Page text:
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Insect

Male medflies that are genetically altered using the RIDL technique don't produce viable f...

Mediterranean fruit flies are responsible for extensive damage to fruit and vegetable crops, not only in the Mediterranean region but also in Australia, North and South America. While existing methods of controlling them include the use of insecticides and sterilization, the University of East Anglia and biotech company Oxitec are pioneering what they claim is a greener and less expensive approach – they're genetically modifying male fruit flies to produce only male viable offspring.  Read More

Ormia ochracea has excellent hearing, and is hated by crickets everywhere  (Photo: Jpaur)

When it comes to animals with good hearing, flies might not be the first one you'd think of. The Ormia ochracea fly, however, has a unique hearing mechanism that allows it to precisely determine the location of a cricket based on its chirps ... it then deposits its larvae on the cricket, which ultimately consume the poor insect. Scientists at the University of Texas Austin have now duplicated that mechanism, with hopes that it could find use in applications such as next-generation hearing aids.  Read More

One of the 3D spec-wearing mantises, which probably isn't actually smiling

Although us humans take 3D vision for granted, it's not a standard feature throughout the animal kingdom. In fact, praying mantises are the only invertebrates known to possess it – a fact which makes them excellent hunters. Scientists at Britain's Newcastle University are now studying the insects' ability to see in 3D, to determine if it could be copied in human technologies such as robot vision systems. As part of that study, they're equipping mantises with the smallest pairs of 3D glasses ever made.  Read More

“Stick insects have developed an ingenious way of overcoming the conflict between attachme...

Could studying the slow moving stick insect help Olympic sprinter Usain Bolt cover 100 meters faster? Researchers at Cambridge believe it could. It's all to do with sticky toes versus hairy toes.  Read More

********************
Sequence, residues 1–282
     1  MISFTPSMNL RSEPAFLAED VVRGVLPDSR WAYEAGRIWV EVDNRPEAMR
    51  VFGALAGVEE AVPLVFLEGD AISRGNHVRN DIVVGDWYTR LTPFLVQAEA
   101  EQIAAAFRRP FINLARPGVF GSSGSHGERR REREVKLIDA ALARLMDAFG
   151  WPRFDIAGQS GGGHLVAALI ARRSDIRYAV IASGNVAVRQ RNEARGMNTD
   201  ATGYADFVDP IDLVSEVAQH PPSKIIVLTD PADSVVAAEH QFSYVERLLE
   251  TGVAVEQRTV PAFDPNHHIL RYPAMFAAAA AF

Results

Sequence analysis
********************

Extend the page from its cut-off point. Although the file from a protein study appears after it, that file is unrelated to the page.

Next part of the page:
Ohio State's Carlos Castro, with an ant similar to those used in the study (Photo: The Ohi...

Though ants have long been known to carry loads many times their own weight, a new study has cast light on the extent of this strength and the mechanics responsible for it. Research conducted by a team from The Ohio State University suggests an ant can lift 5,000 times its own body weight, with its neck bearing most of the load, providing a potential blueprint for the development of much stronger robots.  Read More

The robot makes a bee-line for a red cylinder, after learning that 'red is good'

Because of bees' small size, maneuverability and almost machine-like swarm mentality, it shouldn't come as a surprise that scientists are developing tiny flying robots based on the insects. In order to navigate autonomously, however, those robots' artificial bee brains will have to be capable of identifying objects in their environment, and reacting accordingly. Well, thanks to research recently conducted in Berlin, they may soon be able to do so.  Read More

A fruit fly sits on a podium in the middle of the picture, while scents are emitted from t...

Scientists from the University of Konstanz, Germany, are the first to demonstrate that fruit flies can distinguish cancerous cells from healthy ones via their sense of smell. The team has genetically modified fruit flies so that their antennae glow when they detect a cancerous odor. In an experiment, scientists directed smells at fruit flies. The fruit flies' appearance was monitored via a microscope.  Read More

Approximately 5,000 bees are receiving RFID tags like this one

Bees are integral to the pollination of major crops around the world, so the more that we understand how they go about their business, the better we can facilitate the process and thereby boost yields. With this in mind, scientists from Australia's Commonwealth Scientific and Industrial Research Organisation (CSIRO) are taking the unprecedented step of equipping up to 5,000 honeybees with RFID (radio frequency identification) tags.  Read More

Foul-smelling, toxic mosquito repellent could soon become a thing of the past  (Photo: Shu...

Methods for controlling mosquitoes usually take two tacks: luring the mosquitoes into a trap away from humans, or discouraging them from biting at the source. Both methods can be expensive, unhealthy, cumbersome, or disgusting (the smell of rancid butter, anyone?) and generally aren’t scalable for the countries that suffer the most from mosquito-borne disease. New research explores how a mosquito’s neurons actually detect humans, and presents a promising class of chemicals, screened for safety, cost, and an appealing scent, some of which attract mosquitoes and others of which mask the smell of tasty human skin.  Read More

Swarms of remote-control cockroaches could be used to map hazardous environments for first...

Living remote-control cockroaches are now a thing. They actually exist. Besides wowing people and sparking ethics debates, however, the cyborg insects may ultimately have some very worthwhile applications. A team led by North Carolina State University's Dr. Edgar Lobaton has brought one of those applications a step closer to reality, by developing software that would allow "swarms" of the cockroaches to map hazardous environments such as collapsed buildings.  Read More

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